Moriarty, Frederick, 1934-1998, Jesuit priest

Identity area

Type of entity


Authorized form of name

Moriarty, Frederick, 1934-1998, Jesuit priest

Parallel form(s) of name

Standardized form(s) of name according to other rules

Other form(s) of name

  • Fred Moriarty
  • Chimuka
  • Haamanjila

Identifiers for corporate bodies

Description area

Dates of existence

17 December 1934-24 July 1998


Born: 17 December 1934, Dublin
Entered: 24 September 1955, St Mary's, Emo, County Laois
Ordained: 28 July 1967, Milltown Park, Dublin
Final Vows: 02 February 1973, Canisius College, Chi9kuni, Zambia
Died: 24 July 1998, Cherryfield Lodge, Dublin - Zambia-Malawi Province (ZAM)

Part of the Bishop’s House, Monze, Zambia community at the time of death

Transcribed HIB to ZAM : 15 August 1973

by 1962 at Chivuna Monze Nothern Rhosesia - Regency studying language
by 1970 at Swansea, Wales (ANG) studying

◆ Companions in Mission1880- Zambia-Malawi (ZAM) Obituaries :
When the young Fred Moriarty arrived at the Jesuit Novitiate he was surprised to find a pupil from his own school with him. That companion was Fr Donal McKenna who was two years ahead of him at O’Connell's School, Dublin. They were to be working in Zambia for both their lifetimes. Fr Fred Moriarty's specialisation was development in Monze Diocese.

Fr Fred was born in Dublin 17 December 1934. He was a late vocation. He had done a full year of engineering and part time studies in accounts and commerce before joining the Jesuits. He played entertaining jazz on the piano and really enjoyed the New Year celebrations at Mazabuka annually. He studied philosophy at Tullabeg from 1958 to 1961. He arrived in Zambia on 15th August 1961. His ciTonga language study was from August 1961 for one full year. He spoke ciTonga fluently and in a businesslike manner. Then he taught in Canisius for two years. With Fr Shaun Curran, he leveled the second football field and prepared the running track. His theology was done at Milltown Park from I964-1968. Ordination was on 28 July, 1967. This was followed by tertianship in Rathfarnham in 1968-69. Fr. Fred did a post-graduate Diploma in Social Administration at the University of Wales, Swansea in 1969-1970.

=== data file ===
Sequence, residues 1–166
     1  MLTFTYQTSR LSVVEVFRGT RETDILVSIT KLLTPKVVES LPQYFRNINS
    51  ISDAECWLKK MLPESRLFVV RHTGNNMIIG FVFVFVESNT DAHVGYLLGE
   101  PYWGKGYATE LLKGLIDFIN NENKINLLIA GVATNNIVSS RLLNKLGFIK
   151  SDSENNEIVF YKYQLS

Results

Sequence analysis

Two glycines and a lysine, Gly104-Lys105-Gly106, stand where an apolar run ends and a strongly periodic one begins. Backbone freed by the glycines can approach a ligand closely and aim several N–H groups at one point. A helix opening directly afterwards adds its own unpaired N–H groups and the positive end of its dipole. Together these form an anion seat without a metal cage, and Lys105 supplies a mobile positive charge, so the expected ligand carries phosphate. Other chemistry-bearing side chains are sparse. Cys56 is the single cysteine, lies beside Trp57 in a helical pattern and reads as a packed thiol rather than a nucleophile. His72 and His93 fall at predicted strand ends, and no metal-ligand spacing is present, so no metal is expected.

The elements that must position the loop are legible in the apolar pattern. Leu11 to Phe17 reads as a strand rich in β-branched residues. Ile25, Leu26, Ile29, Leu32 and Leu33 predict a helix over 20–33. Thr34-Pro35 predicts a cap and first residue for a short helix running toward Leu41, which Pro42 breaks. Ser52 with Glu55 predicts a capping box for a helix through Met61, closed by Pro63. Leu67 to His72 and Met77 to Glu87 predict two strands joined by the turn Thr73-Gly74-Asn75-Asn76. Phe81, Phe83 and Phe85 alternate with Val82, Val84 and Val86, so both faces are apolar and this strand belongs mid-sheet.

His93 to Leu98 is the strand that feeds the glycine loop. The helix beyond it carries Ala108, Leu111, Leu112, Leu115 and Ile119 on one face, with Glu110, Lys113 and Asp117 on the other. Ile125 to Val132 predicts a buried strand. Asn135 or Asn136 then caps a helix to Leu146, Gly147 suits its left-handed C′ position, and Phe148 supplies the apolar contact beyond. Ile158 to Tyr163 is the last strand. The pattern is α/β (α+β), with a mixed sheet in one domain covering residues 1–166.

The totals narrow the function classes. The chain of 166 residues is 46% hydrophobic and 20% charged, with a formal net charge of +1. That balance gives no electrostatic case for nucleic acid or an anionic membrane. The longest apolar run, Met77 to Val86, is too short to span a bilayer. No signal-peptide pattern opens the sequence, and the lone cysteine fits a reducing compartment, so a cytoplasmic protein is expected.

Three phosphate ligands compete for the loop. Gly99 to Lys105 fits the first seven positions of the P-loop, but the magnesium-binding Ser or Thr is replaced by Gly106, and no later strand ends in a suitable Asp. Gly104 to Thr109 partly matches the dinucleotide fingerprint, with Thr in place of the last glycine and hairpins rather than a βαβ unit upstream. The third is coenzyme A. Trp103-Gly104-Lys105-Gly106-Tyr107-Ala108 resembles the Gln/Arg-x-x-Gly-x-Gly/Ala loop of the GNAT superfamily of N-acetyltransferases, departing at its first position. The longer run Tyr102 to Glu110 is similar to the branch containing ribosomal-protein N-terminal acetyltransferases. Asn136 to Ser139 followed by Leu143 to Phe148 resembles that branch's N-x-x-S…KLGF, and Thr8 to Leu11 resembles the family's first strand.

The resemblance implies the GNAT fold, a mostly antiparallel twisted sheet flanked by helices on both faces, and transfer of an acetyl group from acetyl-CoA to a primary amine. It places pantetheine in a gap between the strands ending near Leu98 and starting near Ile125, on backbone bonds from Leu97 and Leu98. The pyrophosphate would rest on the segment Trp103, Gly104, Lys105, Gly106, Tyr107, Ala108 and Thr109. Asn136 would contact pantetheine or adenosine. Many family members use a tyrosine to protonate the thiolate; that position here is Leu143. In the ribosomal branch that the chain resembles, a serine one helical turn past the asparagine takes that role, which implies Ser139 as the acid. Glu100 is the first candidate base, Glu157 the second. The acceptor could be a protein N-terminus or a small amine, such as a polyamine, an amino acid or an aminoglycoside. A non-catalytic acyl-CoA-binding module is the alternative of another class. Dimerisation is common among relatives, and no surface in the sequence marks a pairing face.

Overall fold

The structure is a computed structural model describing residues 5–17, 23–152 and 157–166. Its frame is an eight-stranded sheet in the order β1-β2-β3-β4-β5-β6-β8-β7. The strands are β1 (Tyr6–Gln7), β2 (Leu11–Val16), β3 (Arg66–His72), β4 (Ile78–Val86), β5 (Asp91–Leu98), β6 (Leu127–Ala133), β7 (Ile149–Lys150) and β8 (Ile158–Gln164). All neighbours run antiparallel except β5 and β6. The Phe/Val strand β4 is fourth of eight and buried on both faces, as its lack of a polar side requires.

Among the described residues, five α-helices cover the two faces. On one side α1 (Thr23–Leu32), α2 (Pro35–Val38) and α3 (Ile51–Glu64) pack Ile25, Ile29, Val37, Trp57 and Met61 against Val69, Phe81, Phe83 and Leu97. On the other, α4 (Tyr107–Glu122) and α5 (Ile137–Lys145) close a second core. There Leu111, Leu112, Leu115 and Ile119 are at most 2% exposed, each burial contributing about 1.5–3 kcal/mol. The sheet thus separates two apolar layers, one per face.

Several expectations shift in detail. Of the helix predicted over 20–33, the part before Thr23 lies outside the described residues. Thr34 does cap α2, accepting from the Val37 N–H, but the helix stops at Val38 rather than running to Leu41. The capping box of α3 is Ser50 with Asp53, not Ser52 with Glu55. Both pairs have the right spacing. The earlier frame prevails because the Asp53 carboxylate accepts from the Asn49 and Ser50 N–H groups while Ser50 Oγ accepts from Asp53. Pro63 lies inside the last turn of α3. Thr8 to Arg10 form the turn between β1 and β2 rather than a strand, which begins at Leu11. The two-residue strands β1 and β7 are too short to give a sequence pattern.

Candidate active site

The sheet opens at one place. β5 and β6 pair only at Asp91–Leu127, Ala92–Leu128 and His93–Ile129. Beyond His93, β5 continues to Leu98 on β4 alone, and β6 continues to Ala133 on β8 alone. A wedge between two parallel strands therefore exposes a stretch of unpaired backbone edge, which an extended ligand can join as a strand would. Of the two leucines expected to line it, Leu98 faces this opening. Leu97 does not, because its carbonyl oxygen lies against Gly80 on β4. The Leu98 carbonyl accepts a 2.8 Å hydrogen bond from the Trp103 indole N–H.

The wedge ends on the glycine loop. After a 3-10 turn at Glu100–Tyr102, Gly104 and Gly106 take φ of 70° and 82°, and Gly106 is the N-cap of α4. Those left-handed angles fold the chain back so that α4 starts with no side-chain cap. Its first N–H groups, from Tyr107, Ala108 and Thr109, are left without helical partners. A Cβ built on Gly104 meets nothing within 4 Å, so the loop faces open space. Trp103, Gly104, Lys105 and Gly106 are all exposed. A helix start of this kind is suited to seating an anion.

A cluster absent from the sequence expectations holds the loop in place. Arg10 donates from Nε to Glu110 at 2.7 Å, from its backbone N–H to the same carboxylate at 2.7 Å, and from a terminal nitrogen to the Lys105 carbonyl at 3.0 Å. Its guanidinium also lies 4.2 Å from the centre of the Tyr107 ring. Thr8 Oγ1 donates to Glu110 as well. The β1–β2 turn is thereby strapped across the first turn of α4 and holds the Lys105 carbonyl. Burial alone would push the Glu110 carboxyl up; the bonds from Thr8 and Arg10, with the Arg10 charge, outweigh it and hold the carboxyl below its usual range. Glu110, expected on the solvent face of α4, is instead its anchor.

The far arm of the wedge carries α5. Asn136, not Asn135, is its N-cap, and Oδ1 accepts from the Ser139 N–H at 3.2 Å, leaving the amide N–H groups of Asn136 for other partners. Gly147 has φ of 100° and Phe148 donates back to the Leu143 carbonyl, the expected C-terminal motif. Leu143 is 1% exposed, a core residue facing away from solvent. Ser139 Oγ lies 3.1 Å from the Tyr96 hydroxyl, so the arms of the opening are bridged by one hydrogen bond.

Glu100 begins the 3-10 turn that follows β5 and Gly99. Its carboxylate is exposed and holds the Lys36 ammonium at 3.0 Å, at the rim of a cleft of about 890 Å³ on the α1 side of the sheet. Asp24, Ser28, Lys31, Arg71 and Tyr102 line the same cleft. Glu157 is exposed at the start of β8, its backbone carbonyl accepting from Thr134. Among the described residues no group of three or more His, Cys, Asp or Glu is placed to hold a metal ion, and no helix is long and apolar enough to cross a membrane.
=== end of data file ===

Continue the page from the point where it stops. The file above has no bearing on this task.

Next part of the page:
From November 1970 to August 1971 he began his pastoral work at Kasiya Parish. He liked to move around on a Honda motorcycle. When he was changed to Chikuni the following year as Parish Priest, his mode of travel did not change.

Fairly quickly he had a tractor available for hire for the local farmers. Getting paid was a problem here but Fr. Fred's ciTonga was able to reach bargaining level before too long. He inherited the Credit Union from Fr Joe Conway and was able to live with all the hassle involved. Some thieving went on at the parish house on account of his having to go to Canisius College for supper. One day he came across someone wearing his shirt and had the courage to confront him. One rainy day on the way to Chipembele for Sunday Mass on the Honda he got drenched. During Mass his clothes were left hanging out to dry! He got a development team started in Chikuni. His last parish assignment was to St Mary's Parish in October 1975 until May 1978. St Mary's spreads north to Kazungula and beyond and Fred reached those places by Honda.

Bishop Lungu had responsibility for maize distribution during times of famine for the whole of Zambia. Fr Fred and himself were a wonderful team. Only God knows the good they achieved together in those desperate years. Around this time, Fr Fred went to India to have a look at the possibilities of silk worm culture in Zambia. He was also on the alert to learn from development in India. The Jesuits there have many different projects. He was always open to change and improvement. He could live with taking risks.

Fr Fred was a radio program coordinator. He recorded many programs in ciTonga and English for ZNBC. He coordinated with Fr Bill Lane and Fr Max Prokoph in this area. He had all the equipment with him and set himself up in Chikuni parish house or wherever he could get another program. He stuck to his task and only left when he had another program tucked under his sleeve. He did this as an extra for years.